When to call the doctor
It can be very distressing when your child becomes ill. As mothers become more experienced, they become better at distinguishing between minor ailments and more serious illnesses. Until then err on the side of caution and learn to look for warning signs that it’s time to call the doctor.

The following are some of the common illnesses in children that may turn serious:


Cold and fever, progressing quickly to coughing, rapid breathing and wheezing. Crackly or bubbling breathing sounds. In severe cases, an indrawing of the chest between and below the ribs, shortness of breath and turning blue from lack of oxygen. The wheeze and cough of bronchiolitis get worse over the first five days of the illness.

Bronchiolitis is an inflammation of the bronchioles, which are tiny air passages in the lungs. It affects children under 2 years of age. Bronchiolitis is different from bronchitis, which affects the large air passages.

Children under 6 months of age must be seen as an emergency.

Call the doctor if your child is distressed; if her chest is sucked in with each breath; if her breathing becomes more rapid; if she is unable to take in fluids or if she turns blue.


A harsh barking cough and noisy breathing, especially on breathing in. Hoarseness – your child may be worse in the morning. In severe cases your child can manifest rapid breathing and turn blue from lack of oxygen. The harsh cough (the bark of a seal) is characteristic of croup but not a warning sign.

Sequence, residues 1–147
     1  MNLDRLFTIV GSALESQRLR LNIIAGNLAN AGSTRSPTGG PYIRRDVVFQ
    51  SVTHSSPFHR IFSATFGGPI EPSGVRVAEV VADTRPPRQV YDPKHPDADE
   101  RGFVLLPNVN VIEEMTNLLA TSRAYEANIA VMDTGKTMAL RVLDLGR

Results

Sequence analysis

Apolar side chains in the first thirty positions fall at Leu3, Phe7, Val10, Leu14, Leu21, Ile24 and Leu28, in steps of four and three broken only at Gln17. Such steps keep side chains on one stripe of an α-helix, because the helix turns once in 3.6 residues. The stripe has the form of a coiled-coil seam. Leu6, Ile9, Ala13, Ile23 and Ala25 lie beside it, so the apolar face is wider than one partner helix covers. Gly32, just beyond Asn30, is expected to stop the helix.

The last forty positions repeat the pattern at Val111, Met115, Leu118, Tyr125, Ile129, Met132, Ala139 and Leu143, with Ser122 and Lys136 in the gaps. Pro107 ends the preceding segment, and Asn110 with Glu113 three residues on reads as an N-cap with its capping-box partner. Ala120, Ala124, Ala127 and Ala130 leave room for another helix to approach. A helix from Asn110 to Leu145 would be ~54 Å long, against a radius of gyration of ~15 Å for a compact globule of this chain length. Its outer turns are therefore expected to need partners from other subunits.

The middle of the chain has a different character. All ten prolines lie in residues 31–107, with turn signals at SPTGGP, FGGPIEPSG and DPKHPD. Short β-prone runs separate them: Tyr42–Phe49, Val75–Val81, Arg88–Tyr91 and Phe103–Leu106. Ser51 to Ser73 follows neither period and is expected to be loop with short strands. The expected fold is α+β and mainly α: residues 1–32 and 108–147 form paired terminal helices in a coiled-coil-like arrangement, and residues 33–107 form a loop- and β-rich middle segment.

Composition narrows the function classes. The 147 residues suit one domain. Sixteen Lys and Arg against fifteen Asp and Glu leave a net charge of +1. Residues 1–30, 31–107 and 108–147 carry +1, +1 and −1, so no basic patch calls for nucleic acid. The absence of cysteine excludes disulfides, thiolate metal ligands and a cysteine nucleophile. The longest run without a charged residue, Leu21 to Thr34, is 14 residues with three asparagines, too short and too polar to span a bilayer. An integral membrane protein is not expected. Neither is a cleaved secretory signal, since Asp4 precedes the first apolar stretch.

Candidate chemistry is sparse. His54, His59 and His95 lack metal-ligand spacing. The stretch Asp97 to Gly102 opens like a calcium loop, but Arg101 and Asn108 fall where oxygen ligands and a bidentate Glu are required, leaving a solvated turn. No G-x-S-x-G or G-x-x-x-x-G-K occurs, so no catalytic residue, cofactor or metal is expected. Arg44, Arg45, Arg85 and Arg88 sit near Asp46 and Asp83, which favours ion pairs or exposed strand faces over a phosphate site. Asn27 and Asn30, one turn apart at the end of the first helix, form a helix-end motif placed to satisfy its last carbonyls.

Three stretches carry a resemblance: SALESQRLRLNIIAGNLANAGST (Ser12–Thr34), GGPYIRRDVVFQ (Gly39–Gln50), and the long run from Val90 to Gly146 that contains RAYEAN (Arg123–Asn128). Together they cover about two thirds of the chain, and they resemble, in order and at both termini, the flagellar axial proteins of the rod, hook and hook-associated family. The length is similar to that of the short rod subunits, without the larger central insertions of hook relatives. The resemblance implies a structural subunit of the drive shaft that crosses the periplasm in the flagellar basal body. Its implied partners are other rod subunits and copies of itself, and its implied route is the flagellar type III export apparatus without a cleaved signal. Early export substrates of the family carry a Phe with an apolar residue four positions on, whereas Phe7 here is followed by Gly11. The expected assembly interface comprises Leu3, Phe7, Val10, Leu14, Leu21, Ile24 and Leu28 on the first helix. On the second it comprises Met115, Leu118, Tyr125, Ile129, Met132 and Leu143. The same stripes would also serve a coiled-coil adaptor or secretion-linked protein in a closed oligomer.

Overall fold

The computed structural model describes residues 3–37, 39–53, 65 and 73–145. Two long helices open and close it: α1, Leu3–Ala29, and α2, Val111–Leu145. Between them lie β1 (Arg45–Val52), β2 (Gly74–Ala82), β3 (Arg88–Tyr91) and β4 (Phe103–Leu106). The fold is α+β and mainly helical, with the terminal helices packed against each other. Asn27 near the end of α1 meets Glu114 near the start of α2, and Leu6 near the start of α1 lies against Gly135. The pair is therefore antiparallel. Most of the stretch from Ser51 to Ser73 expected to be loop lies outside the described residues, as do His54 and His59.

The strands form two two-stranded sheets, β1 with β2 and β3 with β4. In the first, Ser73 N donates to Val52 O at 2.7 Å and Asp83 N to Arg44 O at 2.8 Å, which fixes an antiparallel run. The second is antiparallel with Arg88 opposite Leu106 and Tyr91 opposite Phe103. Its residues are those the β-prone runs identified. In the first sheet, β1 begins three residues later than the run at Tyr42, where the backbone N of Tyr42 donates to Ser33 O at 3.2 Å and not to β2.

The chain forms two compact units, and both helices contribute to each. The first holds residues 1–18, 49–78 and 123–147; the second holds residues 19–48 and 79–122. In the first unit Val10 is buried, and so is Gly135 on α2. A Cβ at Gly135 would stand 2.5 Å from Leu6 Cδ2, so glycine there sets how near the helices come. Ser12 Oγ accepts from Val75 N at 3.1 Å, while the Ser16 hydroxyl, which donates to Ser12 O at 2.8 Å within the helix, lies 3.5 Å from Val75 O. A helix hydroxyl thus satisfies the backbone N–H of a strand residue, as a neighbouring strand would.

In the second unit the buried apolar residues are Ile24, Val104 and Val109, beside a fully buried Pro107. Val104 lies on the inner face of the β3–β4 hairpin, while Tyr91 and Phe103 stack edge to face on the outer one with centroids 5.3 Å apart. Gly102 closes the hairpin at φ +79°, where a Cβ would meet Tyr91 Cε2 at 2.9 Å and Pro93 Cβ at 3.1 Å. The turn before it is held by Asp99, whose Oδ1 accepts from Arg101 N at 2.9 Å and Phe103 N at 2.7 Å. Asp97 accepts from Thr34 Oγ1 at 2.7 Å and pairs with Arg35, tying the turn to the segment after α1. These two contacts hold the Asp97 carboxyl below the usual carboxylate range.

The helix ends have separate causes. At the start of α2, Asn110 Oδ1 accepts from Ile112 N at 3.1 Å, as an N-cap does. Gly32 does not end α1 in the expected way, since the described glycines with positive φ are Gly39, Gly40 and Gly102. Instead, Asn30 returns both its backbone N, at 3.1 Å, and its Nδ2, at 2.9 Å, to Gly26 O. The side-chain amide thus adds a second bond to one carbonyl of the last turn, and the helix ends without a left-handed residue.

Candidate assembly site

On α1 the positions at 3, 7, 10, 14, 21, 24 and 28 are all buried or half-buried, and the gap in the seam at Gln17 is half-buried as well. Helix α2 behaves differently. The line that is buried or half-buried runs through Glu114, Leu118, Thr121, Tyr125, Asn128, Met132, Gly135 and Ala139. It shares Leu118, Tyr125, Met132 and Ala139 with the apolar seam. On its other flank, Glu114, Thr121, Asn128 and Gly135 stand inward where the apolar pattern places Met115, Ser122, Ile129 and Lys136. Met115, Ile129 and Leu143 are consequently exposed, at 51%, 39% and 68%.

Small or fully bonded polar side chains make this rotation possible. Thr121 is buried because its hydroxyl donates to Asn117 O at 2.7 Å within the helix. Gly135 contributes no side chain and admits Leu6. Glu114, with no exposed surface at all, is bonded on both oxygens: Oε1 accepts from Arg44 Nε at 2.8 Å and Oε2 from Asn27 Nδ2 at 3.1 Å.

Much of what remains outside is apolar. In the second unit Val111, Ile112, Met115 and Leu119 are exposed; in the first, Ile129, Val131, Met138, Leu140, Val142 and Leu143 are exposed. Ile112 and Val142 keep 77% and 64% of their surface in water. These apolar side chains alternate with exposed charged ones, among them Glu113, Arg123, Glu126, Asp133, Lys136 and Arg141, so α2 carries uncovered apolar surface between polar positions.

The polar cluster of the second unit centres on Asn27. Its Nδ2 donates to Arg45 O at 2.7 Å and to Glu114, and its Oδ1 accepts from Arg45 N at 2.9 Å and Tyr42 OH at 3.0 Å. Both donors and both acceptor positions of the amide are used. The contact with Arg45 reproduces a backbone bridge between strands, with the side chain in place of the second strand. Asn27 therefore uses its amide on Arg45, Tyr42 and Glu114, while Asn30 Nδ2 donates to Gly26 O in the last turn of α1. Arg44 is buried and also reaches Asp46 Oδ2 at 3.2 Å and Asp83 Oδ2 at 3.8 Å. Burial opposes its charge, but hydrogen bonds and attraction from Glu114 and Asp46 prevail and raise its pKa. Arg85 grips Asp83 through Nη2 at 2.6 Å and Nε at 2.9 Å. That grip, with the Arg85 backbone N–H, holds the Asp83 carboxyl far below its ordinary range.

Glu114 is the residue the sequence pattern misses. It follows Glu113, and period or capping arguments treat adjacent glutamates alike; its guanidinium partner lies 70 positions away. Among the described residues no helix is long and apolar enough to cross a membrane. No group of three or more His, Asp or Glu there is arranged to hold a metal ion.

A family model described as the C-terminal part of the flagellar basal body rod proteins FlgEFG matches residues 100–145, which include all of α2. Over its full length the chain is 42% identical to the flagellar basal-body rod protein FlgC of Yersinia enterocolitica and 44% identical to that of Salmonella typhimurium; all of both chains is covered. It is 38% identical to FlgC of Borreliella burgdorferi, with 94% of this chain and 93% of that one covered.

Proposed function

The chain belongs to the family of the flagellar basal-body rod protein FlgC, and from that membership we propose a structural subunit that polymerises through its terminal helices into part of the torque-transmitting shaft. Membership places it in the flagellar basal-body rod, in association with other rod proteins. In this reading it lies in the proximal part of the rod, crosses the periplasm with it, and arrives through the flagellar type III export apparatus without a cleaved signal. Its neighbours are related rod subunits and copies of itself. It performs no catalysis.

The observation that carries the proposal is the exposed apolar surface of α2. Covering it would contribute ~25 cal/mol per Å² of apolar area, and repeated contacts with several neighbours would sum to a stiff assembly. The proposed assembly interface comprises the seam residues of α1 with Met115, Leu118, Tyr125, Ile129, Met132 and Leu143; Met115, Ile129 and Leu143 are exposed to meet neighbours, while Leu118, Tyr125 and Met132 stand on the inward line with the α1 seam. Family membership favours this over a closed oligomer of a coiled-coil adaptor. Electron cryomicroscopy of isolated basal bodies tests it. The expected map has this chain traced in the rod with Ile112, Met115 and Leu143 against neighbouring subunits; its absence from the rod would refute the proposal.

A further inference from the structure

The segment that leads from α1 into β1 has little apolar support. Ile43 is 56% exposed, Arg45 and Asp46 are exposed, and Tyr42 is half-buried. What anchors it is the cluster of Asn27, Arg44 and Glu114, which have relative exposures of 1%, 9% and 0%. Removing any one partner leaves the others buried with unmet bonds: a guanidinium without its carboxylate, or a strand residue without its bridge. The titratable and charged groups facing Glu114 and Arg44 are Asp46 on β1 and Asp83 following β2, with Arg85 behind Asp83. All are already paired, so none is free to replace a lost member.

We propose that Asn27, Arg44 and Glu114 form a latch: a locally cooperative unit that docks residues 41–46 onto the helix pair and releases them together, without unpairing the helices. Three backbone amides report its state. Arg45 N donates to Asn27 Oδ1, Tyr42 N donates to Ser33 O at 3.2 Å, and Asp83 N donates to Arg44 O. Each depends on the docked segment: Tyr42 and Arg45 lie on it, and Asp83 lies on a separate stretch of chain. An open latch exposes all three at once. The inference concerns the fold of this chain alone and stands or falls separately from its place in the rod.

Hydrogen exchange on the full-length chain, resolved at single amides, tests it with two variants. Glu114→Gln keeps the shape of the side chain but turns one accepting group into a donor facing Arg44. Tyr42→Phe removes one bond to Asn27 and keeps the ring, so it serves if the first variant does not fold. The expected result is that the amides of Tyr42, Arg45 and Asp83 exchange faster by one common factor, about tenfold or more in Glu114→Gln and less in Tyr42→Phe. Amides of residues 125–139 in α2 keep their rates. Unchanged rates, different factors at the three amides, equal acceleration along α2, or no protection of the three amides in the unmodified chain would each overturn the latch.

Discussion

Croup is a form of laryngitis that occurs in children from the ages of 3 months to 3 years. It is possible to have it several times, and some children are prone to it.
A child with croup is often distressed. Keep calm yourself and reassure her.

Don’t ever try to look down your child’s throat if she is wheezy or hoarse.

Call the doctor if your child’s breathing gets worse or she turns blue. Harsh breathing when the child is at rest is a severe sign and the child must be taken to hospital.


Baby: a high pitched or moaning cry. Fever. Refusing feeds Irritability when picked up. Drowsiness. Pale, blotchy and sometimes clammy skin. A tense, bulging fontanelle.

Children: severe headache and a dislike of bright lights.

Stiff neck. Fever. Drowsiness and confusion with flu-like aches and pains.

Meningitis means inflammation of the meninges – the membranes that protect the brain. It can be caused by many viruses and bacteria. Meningitis should ideally be treated in the early stages. It can develop within a matter of hours or days.

Call your doctor urgently or go straight to a hospital if you think your child has meningitis. Tell the hospital you suspect meningitis as soon as you arrive.

Urinary tract infection

Baby: A fever, listlessness or drowsiness. Refusing to feed or crying more than usual.

Older child: Passing urine more often. Burning or stinging when passing urine. Stomach ache and fever.

Cloudy, smelly urine, possibly with traces of blood in it.

Call your doctor if
you suspect that your child has a urinary tract infection. Make sure your child has plenty of water to drink to help flush out bacteria. Monitor her temperature. Try to collect some urine in a sterile container and take it to the doctor. The urine must be as fresh as possible.

Whooping cough (pertussis)

Runny nose, cough, fever. Worsening cough with uncontrollable bouts, sometimes followed by the typical “whoop”.

May vomit during a coughing fit or even turn blue due to lack of oxygen. Seizures may occasionally occur. This cough is sometimes called the 100-day cough because it can last for three months.

Whooping cough in the early stages looks like a bad cold. It is worse in the under-2s and very severe in babies. It can be prevented by the pertussis vaccine (DTP).

Call the doctor if you think your child has whooping cough – she may need to admitted to hospital for treatment. Get medical help urgently if your child’s breathing is laboured, she turns blue or has a seizure.

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